And that’s why I want to ask your help.

I am accepting nominations for the Attorney General’s Award for Distinguished Service in Policing.  I want to invite each of you to nominate officers and deputies for this award whom you think are worthy of that honor.  We want to give them the recognition that they deserve, and we want to encourage others to follow their example.

The Department’s Office of Community Oriented Policing Services – or COPS Office – will administer the award process, and it will be my honor to present the awards later this year.  The deadline for nominations is April 23rd — so it’s coming up very soon.

We need to remember that it was the increased training, professionalism, leadership, and more effective enforcement policies of our departments nationwide and over several decades that has been the critical factor in reversing the dramatic rise in crime that we saw into and through the 1970s. More and more departments correctly teach the importance of community relations.

Over 22 years we saw homicide rates fall by half, youth drug use fall by almost half, and violent crime fall dramatically.  Whole neighborhoods benefitted, especially minority communities. It was an achievement few would have ever expected.

But that progress is in danger, because crime rates started going up again and drug addiction and overdose have skyrocketed.

From 2014 to 2016, the violent crime rate went up by nearly seven percent.  Robberies went up.  Assaults went up nearly 10 percent.  Rape went up by nearly 11 percent.  Murder shot up by more than 20 percent – the largest increase since 1968.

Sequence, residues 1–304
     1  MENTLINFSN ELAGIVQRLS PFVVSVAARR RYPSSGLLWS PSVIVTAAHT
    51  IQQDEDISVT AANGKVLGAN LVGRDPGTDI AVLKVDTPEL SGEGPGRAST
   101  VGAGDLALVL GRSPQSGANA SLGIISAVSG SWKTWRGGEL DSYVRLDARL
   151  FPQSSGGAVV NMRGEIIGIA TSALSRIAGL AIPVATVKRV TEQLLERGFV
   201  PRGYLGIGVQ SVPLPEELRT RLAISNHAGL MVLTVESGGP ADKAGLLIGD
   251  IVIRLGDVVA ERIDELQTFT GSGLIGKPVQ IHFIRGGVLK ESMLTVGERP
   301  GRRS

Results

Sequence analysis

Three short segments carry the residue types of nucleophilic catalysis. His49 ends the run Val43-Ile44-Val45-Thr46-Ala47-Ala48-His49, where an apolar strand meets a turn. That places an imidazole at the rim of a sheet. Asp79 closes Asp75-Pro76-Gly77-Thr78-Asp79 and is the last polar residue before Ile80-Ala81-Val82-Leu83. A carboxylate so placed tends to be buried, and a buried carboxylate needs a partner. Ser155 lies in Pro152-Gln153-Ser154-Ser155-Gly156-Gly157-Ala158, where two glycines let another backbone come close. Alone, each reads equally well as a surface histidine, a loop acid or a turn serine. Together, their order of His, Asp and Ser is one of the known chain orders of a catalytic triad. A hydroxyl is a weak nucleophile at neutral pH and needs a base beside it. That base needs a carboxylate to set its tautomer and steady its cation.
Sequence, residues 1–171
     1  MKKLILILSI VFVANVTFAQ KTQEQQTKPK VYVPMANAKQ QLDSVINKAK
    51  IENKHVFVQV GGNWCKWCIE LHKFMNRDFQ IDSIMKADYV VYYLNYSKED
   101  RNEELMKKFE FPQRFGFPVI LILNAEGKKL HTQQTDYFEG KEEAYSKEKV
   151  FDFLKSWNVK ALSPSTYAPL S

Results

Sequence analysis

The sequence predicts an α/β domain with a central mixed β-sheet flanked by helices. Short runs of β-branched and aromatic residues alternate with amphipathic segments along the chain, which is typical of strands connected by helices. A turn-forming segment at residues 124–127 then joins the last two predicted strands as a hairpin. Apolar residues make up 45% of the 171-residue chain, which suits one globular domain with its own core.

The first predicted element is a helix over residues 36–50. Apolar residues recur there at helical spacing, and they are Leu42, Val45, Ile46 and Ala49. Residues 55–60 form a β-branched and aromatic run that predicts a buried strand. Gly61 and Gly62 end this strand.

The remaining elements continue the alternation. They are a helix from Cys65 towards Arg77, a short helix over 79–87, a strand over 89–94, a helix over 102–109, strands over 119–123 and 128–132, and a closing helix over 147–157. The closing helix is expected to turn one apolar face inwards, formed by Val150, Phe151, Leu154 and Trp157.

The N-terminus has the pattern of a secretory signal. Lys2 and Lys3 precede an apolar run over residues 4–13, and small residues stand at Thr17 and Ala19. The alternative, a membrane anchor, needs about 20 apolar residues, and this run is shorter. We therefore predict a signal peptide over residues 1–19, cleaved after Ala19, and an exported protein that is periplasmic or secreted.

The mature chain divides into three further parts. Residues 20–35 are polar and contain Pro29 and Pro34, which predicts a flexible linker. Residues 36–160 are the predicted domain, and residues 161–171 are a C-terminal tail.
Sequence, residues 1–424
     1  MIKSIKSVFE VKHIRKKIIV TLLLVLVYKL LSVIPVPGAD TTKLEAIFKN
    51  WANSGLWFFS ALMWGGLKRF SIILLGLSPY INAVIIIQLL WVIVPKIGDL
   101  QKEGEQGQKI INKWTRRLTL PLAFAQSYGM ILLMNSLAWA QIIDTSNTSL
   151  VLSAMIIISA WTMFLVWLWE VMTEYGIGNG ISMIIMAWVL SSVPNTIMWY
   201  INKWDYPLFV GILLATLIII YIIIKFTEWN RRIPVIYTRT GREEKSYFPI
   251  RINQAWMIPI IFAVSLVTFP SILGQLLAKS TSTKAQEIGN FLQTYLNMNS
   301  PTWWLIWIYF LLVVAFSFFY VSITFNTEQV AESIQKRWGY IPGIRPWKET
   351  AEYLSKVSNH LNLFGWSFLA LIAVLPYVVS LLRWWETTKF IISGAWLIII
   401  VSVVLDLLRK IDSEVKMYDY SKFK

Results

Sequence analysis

Meanwhile, we have suffered from the deadliest drug epidemic in American history.  Approximately 64,000 Americans lost their lives to drug overdoses in 2016 – the highest drug death toll and the fastest increase in that death toll in American history.

That’s nearly the equivalent of the entire city of Dothan, Alabama, dying from drug overdoses in a single year.

Preliminary data show another—but what appears to be a smaller—increase for 2017.  Amazingly, for Americans under the age of 50, drug overdoses are now the leading cause of death.

This epidemic is being driven primarily by opioids – prescription painkillers, heroin, or even synthetic drugs like fentanyl.  In 2016, opioid overdoses killed five times the number from 17 years ago.  Over those 17 years, it is estimated that the opioid crisis cost this country $1 trillion.